Forming a business can feel overwhelming. You worry about all the things you know, and you worry about all the things you don’t know. I write this checklist to fill in the great unknown. This checklist gives you a bird’s eye view of legal compliance for your start-up business. Let’s start at the beginning – incorporation. Form a Corporation or LLC. Your basic choices are a C corporation, S corporation, or an LLC. Get an attorney to help you choose among the entities, and in which state to incorporate. Also see my article Should You Incorporate Your Business? Shareholders / Buy-Sell Agreement. If your business has more than one owner, seriously consider getting a shareholders / buy-sell agreement to govern your relationship with your partner. These agreements save you a lot of money if partner relations go bad. A buy-sell agreement resolves disputes between the partners, including exit provisions if the partners can’t work together anymore. I call this the partners’ economic divorce. For more info, see the article regarding Buy-Sell Agreements. Get a Federal Employer Identification Number (EIN). You can call the IRS for your EIN or get it from the IRS’ website. Bank Accounts. Once you have your company’s articles of incorporation plus EIN, you can open bank accounts. Choose a Location. First decide on a general location, then check local zoning requirements to be sure you can operate your business there. Visit your local planning / permits department for this and other local requirements for your chosen location. Real Property Lease. One of the most important contracts you’ll sign is the lease for your company’s offices. The lease will bind you for years to come, and you’ll have to continue paying rent even if the business doesn’t perform well. This is another area where you need a lawyer. Trademarks. Does anyone else have prior rights to use your business name? Search the internet to see if anyone is using your name in your industry and in your geographic scope. Your geographic scope relates to how far you look for customers. A local retail store might have a local geographic scope, but an internet business can have a worldwide scope. If your internet searches come up clean, consider getting a trademark on your name. If your searches show problems, talk to a lawyer about what to do next. Patents / IP. If your business depends on patents or other intellectual property, talk with an attorney about protecting your IP. Fictitious Business Name. If your company uses a fictitious name (that is, a dba or some name other than the company’s legal name), you must register the name in your county. Business Licenses. There are many types of state and local licenses that could apply to your business. For example, you’ll need health and sanitation licenses if you have a restaurant. Call the CA Department of Commerce, Office of Small Business, for information about the state licenses that might apply to you. Seller’s Permit. If you sell merchandise, get a seller’s permit from the California State Board of Equalization. Employer Filings and Withholdings. If you have employees, file form DE-1 with California EDD. This starts the never-ending process of employment law compliance. Hire a payroll company to handle your employee wage withholdings. Don’t misclassify your employees as contractors — read Should you classify a worker as employee or contractor. Workers Compensation and Other Insurance. Once you have employees, get an insurance broker for workers compensation insurance. Workers comp is required by law. And now that you have an insurance broker, look into property and liability insurance to cover risks associated with your operations (note that the landlord in your lease might require this insurance). That’s it for this bird’s eye view of the start-up of your business. I hope this checklist has been helpful to you. Finally, read Reduce your personal liability from your business to learn how to protect your personal assets from business risks.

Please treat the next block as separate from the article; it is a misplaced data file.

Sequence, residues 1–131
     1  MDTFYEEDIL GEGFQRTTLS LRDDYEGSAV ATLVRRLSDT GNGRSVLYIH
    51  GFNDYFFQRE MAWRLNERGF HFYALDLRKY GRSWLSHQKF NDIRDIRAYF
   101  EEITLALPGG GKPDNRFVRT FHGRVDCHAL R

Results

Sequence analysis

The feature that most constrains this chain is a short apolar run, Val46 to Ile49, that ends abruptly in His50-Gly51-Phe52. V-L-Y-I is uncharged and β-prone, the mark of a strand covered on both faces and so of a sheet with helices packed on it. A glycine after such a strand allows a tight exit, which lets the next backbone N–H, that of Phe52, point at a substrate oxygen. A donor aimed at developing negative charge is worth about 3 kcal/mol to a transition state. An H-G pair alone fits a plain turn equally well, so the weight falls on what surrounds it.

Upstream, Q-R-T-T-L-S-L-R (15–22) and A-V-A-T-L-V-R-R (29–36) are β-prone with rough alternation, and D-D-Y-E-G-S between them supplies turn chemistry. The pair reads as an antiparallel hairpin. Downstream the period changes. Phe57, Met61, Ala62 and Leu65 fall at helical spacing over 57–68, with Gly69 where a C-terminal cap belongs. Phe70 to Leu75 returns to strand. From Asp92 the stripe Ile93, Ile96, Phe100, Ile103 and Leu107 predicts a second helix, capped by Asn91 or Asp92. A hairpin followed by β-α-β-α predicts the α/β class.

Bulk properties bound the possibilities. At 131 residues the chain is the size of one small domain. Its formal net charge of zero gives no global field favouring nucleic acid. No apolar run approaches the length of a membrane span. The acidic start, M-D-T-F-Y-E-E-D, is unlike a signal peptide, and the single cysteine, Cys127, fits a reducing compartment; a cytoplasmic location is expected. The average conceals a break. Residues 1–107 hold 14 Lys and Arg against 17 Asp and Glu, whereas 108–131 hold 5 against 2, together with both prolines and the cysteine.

Corporate Structure Levels of legal Control Over a Business (Medical Practice as an Example)